COLUMBUS, Ohio -- Nurses and physicians at Nationwide Childrens Hospital are using the latest technology to help young burn victims endure the extreme pain of dressing changes and wound care. Instead of traditional distraction devices, such as books and music, Nationwide Childrens Hospital Burn Center is now using virtual reality games to distract patients while nurses attend to the patients burn wounds.
Its long been known that the actual treatment for a burn is far worse than the actual injury. Initially, the wound has to be cleaned and the dressing applied, and that can be a very painful and lengthy procedure, said Dr. Catherine Butz, PhD, a psychologist at Nationwide Childrens Hospital and an Assistant Professor at The Ohio State University College of Medicine.
Following this initial treatment, patients must endure subsequent wound care procedures, some of which can be both extensive and painful, depending on the extent of the burn. During these procedures, anxiety often plays a major role in the patients pain level.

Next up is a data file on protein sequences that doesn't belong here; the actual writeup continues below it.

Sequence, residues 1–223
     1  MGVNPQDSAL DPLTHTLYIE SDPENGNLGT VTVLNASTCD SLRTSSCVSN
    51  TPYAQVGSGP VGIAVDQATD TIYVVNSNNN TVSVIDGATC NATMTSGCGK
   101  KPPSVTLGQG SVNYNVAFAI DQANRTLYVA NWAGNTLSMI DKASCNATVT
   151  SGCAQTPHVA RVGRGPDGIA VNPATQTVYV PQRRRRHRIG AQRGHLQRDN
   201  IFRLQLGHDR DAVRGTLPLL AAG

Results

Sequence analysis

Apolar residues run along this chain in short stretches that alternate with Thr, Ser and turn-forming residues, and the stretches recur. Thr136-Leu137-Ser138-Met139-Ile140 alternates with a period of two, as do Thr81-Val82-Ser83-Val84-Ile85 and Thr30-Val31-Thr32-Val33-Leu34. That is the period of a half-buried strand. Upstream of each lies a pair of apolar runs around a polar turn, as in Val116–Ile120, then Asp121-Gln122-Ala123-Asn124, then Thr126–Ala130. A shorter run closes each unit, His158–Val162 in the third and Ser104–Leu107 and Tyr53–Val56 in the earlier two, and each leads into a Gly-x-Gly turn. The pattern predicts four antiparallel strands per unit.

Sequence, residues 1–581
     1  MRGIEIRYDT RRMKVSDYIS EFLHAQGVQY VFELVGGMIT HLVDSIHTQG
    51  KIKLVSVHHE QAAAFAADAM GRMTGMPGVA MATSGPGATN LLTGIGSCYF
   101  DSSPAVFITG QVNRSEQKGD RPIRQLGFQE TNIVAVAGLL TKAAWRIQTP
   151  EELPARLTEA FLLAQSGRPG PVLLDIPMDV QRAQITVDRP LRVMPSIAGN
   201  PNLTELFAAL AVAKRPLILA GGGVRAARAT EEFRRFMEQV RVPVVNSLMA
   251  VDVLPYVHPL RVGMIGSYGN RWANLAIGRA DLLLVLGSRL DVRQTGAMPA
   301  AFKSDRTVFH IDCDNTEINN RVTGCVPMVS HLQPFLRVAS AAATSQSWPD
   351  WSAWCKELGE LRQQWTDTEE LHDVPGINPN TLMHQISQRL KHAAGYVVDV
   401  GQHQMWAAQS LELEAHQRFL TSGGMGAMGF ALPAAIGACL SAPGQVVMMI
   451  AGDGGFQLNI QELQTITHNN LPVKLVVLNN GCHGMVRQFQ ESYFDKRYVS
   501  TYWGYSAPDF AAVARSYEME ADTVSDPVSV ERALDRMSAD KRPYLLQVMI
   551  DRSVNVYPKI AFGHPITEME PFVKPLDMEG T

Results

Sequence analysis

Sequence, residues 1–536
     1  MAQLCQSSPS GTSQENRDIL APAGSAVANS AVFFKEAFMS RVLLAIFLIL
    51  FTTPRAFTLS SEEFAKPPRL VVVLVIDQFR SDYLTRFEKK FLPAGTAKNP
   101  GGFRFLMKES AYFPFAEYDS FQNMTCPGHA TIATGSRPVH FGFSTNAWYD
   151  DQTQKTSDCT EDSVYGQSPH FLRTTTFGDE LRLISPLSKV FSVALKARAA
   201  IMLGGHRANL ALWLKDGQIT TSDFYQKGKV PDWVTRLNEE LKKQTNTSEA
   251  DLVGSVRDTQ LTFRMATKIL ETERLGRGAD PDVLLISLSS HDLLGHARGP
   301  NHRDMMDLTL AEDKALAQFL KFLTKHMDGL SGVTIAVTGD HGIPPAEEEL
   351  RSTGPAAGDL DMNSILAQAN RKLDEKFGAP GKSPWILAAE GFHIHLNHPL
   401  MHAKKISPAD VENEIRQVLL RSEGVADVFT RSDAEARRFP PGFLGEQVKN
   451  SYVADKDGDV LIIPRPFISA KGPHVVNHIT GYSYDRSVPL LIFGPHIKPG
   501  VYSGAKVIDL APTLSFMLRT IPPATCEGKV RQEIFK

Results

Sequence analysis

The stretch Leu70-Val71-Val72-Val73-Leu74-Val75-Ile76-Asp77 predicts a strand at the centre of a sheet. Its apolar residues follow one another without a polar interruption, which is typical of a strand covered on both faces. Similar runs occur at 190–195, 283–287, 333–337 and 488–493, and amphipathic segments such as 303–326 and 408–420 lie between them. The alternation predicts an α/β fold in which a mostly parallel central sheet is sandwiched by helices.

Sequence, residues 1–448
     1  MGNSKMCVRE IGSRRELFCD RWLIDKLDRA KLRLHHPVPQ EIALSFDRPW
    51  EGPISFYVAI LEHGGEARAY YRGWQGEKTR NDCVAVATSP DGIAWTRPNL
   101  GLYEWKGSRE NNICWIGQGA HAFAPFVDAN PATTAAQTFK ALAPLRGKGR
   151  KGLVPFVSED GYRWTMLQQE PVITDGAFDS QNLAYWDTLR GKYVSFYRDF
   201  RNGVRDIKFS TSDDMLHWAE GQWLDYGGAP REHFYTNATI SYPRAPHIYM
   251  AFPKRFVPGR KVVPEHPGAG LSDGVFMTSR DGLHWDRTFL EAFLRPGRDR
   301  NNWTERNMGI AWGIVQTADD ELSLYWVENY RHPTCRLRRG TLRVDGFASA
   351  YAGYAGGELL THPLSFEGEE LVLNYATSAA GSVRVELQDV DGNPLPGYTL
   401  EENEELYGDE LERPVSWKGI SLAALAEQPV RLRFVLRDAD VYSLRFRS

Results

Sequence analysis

Research shows a very strong connection between anxiety and pain, said Dr. Butz. Distraction does a great job in decreasing any kind of anxiety that might be associated with the anticipated procedures, so by distracting patients and keeping anxiety at a minimum, procedures tend to go much more smoothly and be much less painful for the child.
The device, made possible by a donation from the Aladdin Shriners Hospital Association for Children, allows patients to escape into a computer-generated world complete with its own environment, creatures and sounds. Patients wear a virtual reality helmet, and once in this new world, they interact in the virtual environment with the help of child life specialists, trained to assist kids through stressful medical treatments.
Since Nationwide Childrens Hospital began using the device in May 2007, it has already resulted in positive feedback
|Contact: Marti Leitch|
Columbus Children's Hospital